Ancient Egyptian art, via Wikimedia
The thing that's so great about history is that understanding it can help us predict the future, and then hopefully not screw it up as badly as we did the past.
A team of history-loving mathematicians from University of Connecticut, University of Exeter, and National Institute for Mathematical and Biological Synthesis recently set out to do just that, only with a very unusual approach: They mathematized 3,000 years of history. In doing so, the researchers claim to have answered some of the most complex questions about human society with a single equation.
The team tackled the mysteries of mankind's "ultrasociality"—basically, how it's possible for millions of people to live together in a defined society without killing each other (for the most part). What makes societies form, and what makes them thrive? How did a group of humans in Northern Africa become Egyptians? Why did Mesopotamia develop into what we know today as the Middle East?
While historians and sociologists have been exploring those kinds of questions for centuries, the authors of the study, published yesterday in the Proceedings of the National Academy of Sciences, realized that no one had yet taken a quantitative approach.
They created simulation of the geography of Afro-Eurasia between 1,500 BCE and 1,500 CE. Then they developed a mathematical model to explain and predict evolutionary behavior from that time period. Next, they applied the model to what really happened—insofar that we've collected and recorded that historical data, at least. To their surprise, researchers found that their equation had a 65 percent accuracy in predicting how humans spread and formed societies over time.
What made the quantitative analysis work so was one particular, ever-reliable clue about mankind's social behavior: war. Warfare—and in particular, the spread of military "weapons" like horses and cavalry—was the number one factor in identifying patterns and accurately predicting our cultural evolution. It makes perfect logical sense. Conflict against other people defines who is "us" and who is "them." Individuals forge bonds when we unite against a common enemy.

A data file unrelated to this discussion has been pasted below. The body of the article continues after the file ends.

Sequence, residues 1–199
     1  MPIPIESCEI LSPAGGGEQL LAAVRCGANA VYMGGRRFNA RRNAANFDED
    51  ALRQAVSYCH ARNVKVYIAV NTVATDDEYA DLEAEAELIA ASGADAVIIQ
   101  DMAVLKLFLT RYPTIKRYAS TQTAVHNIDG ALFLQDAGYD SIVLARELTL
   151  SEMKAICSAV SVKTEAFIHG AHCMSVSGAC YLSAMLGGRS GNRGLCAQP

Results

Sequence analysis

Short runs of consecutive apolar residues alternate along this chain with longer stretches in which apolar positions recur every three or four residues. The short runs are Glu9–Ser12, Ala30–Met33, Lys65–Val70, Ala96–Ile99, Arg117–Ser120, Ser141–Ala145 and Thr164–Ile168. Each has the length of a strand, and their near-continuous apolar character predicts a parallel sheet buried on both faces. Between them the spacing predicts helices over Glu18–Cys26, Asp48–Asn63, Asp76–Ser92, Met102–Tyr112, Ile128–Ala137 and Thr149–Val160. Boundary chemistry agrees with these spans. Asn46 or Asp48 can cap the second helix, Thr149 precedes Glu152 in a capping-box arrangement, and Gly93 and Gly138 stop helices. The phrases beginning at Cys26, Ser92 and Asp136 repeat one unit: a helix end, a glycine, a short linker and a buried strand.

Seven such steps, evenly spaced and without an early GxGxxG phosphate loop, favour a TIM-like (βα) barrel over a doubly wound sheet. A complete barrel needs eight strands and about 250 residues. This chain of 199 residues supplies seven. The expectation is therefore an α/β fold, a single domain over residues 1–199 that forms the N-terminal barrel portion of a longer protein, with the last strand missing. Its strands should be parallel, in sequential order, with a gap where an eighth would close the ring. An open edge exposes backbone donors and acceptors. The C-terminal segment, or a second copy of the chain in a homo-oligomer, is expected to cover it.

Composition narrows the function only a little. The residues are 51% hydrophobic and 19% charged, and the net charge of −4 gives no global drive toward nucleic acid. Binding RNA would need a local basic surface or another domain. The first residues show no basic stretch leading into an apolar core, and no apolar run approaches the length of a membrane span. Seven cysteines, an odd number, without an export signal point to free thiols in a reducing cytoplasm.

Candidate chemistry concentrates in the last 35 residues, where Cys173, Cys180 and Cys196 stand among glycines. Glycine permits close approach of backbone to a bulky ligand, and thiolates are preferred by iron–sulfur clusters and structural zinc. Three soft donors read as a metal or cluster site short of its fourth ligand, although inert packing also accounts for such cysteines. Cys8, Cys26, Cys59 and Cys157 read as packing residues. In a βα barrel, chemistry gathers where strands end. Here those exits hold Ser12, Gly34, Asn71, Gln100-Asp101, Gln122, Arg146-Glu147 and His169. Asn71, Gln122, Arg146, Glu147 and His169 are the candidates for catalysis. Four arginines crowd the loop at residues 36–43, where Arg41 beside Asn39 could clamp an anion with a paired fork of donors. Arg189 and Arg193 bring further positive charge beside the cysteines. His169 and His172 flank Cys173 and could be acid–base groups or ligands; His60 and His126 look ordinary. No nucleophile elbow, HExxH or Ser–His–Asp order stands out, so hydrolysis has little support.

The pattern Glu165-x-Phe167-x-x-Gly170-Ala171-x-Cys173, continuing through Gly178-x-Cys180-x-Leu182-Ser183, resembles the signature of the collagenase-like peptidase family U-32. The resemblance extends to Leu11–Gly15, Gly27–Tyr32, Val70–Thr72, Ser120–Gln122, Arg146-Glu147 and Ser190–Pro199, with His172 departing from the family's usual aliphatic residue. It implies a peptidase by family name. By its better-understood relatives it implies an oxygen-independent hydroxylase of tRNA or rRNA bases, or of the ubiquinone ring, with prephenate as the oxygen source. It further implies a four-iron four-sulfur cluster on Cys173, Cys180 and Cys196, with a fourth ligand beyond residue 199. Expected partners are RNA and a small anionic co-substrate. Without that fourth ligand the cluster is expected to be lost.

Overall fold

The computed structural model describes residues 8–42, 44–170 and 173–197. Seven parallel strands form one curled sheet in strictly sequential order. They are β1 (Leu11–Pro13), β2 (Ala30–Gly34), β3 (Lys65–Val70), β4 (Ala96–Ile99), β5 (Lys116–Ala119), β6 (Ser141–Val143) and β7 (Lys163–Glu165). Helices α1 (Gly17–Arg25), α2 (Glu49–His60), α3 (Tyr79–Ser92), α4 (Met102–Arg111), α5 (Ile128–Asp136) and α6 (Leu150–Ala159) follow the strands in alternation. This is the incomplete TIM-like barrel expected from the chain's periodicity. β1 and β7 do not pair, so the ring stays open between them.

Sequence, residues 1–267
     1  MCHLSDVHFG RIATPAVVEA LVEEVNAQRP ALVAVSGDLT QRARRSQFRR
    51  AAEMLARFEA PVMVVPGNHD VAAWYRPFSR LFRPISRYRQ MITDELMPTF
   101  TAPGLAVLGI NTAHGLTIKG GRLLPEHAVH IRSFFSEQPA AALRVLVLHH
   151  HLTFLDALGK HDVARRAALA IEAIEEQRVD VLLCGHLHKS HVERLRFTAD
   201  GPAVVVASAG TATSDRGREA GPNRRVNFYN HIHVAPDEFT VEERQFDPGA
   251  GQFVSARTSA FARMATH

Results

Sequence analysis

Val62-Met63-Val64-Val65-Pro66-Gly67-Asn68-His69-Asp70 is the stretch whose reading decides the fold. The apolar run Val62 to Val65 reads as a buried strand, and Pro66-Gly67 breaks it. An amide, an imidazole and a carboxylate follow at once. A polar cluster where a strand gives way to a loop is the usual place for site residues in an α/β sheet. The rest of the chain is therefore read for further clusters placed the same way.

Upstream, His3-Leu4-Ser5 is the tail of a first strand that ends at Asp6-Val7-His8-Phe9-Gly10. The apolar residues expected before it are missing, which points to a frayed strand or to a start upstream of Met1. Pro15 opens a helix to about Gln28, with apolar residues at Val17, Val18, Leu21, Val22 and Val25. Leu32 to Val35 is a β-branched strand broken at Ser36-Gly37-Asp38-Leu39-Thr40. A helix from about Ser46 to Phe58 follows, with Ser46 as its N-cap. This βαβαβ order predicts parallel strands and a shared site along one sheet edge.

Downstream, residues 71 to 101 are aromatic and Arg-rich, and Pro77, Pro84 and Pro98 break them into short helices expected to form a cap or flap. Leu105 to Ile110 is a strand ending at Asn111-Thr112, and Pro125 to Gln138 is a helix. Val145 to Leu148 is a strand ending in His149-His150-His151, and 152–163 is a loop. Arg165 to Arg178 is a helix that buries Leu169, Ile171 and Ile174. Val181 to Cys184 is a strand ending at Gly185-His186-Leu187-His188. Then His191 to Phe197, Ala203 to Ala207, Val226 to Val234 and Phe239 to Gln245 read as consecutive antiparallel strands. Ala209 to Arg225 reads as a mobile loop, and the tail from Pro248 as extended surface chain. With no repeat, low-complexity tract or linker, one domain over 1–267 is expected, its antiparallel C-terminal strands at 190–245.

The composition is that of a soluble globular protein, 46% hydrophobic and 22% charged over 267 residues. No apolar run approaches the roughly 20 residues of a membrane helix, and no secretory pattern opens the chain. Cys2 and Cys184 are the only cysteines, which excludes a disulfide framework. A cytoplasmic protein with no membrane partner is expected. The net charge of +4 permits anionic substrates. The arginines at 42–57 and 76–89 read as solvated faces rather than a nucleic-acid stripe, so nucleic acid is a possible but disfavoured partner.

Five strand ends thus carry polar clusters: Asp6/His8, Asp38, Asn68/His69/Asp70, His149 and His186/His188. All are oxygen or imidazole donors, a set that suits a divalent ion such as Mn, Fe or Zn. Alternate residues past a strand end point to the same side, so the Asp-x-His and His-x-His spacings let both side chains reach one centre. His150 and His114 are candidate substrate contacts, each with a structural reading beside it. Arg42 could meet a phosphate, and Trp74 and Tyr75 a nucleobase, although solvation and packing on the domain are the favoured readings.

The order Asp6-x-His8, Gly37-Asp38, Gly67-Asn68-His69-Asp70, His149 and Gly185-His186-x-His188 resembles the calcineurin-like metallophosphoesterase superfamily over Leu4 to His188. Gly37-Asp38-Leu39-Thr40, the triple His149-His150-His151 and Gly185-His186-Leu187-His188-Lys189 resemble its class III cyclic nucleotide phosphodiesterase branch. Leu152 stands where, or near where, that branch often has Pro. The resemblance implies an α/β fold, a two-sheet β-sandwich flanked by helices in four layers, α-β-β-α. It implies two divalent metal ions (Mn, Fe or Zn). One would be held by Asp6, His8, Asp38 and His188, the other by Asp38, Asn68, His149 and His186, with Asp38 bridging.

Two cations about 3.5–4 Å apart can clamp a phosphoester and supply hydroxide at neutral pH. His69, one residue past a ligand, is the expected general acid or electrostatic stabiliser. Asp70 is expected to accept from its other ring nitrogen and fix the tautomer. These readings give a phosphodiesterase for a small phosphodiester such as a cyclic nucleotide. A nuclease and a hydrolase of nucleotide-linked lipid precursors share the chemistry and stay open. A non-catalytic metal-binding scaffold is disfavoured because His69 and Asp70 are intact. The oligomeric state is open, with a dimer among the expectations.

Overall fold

"The emergence and spread of technologies enabled more intense forms of warfare that, in turn, created selection pressures for the cultural evolution of norms and institutions, making possible cooperating groups numbering in the millions," the authors explain in the report.
Along with war, geography, agriculture, habitat, and other natural factors helped build the mathematical model. But there's a glaring X factor that was left out of the equation (literally), and that's culture. Yes, farms and spears will go a long way in analyzing broad historical patterns. But they're never going to tell the entire, nuanced story of how millions of humans interacted with each other, grouped together, broke apart, traveled together, traveled alone, fell in love, killed each other, and created traditions for thousands of years.
Still, the researchers believe adding some math-based logic to the study of human history can't hurt. "What's so exciting about this area of research is that instead of just telling stories or describing what occurred, we can now explain general historical patterns with quantitative accuracy," study coauthor Sergey Gavrilets said in a statement. "Explaining historical events helps us better understand the present, and ultimately may help us predict the future."